Off-Broadway's Backstage Workers Are Unionizing; Atlantic Theater Company Workers Vote to Join IATSE | Playbill

Industry News Off-Broadway's Backstage Workers Are Unionizing; Atlantic Theater Company Workers Vote to Join IATSE

The move is a historic and potentially industry-changing one for Off-Broadway theatre.

Backstage workers at Off-Broadway's Atlantic Theater Company have voted to unionize and join IATSE, a historic move that could have far-reaching implications for the Off-Broadway industry. Delayed results of the vote come days after a similar outcome at Off-Broadway's Titaníque, made official just last week.

Of the company's 178 workers, 73 percent voted, with 129 for and one against. The group includes workers in the company's carpentry, electrics, scenic, props, audio, video, hair-makeup, and wardrobe departments. The move is part of a growing trend in Off-Broadway theatre, whose backstage workers are currently largely non-union, unlike their Broadway counterparts. Similar action at other Off-Broadway companies is expected to follow in the wake of this vote.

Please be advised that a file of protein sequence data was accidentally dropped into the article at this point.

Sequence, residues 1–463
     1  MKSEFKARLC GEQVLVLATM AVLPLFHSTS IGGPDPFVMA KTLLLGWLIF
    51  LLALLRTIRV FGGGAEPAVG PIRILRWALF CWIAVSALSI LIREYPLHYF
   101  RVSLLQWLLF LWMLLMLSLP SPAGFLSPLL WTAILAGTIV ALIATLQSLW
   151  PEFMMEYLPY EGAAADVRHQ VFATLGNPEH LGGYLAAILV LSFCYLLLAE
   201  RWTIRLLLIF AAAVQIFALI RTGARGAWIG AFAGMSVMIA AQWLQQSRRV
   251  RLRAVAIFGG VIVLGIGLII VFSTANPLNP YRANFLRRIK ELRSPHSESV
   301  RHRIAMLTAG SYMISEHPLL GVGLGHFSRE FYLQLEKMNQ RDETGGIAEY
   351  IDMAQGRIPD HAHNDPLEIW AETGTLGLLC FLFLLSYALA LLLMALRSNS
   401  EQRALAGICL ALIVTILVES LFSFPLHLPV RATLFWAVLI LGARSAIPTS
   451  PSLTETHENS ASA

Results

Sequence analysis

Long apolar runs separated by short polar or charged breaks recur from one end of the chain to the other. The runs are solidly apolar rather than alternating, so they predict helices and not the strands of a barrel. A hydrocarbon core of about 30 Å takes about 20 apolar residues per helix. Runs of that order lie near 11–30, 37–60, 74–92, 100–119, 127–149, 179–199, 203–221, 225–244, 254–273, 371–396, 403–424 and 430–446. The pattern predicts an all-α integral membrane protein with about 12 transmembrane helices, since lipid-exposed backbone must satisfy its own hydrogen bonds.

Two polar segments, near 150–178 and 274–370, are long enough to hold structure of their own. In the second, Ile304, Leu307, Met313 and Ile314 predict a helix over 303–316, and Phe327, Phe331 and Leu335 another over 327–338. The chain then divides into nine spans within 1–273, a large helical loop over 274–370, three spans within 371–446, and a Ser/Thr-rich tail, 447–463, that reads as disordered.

Unionizing allows workers to collectively bargain, in hopes of improving working conditions, raising salaries, gaining health benefits, and more. Higher wages and other demands that often come with unionizations will also, however, raise production costs, which has the potential to come with higher-priced tickets and other changes to the Off-Broadway business model.

“This is a monumental step forward towards improving pay, conditions, and stability for freelance theatre workers in New York City and across the country,” says stage carpenter Michael Stevens in a statement. “I’m immensely grateful to my fellow workers for supporting the effort to unionize the Atlantic, as well as to the organizing committee for our shared, tireless commitment to this campaign. We look forward to bargaining for the benefits—such as healthcare—that we all deserve!”

“There is a growing movement of entertainment workers Off-Broadway joining in union,” adds IATSE representative Dan Little. “All work has dignity, and the production workers at The Atlantic Theater Company are showing their community how to stand up for themselves and demand the respect that comes with a union.”

The Off-Broadway company has become a major incubator for Broadway transfers in recent seasons, having given stages to Days of Wine and RosesBetween Riverside and CrazyKimberly AkimboHangmenThe Band's Visit, and more before their Broadway bows.

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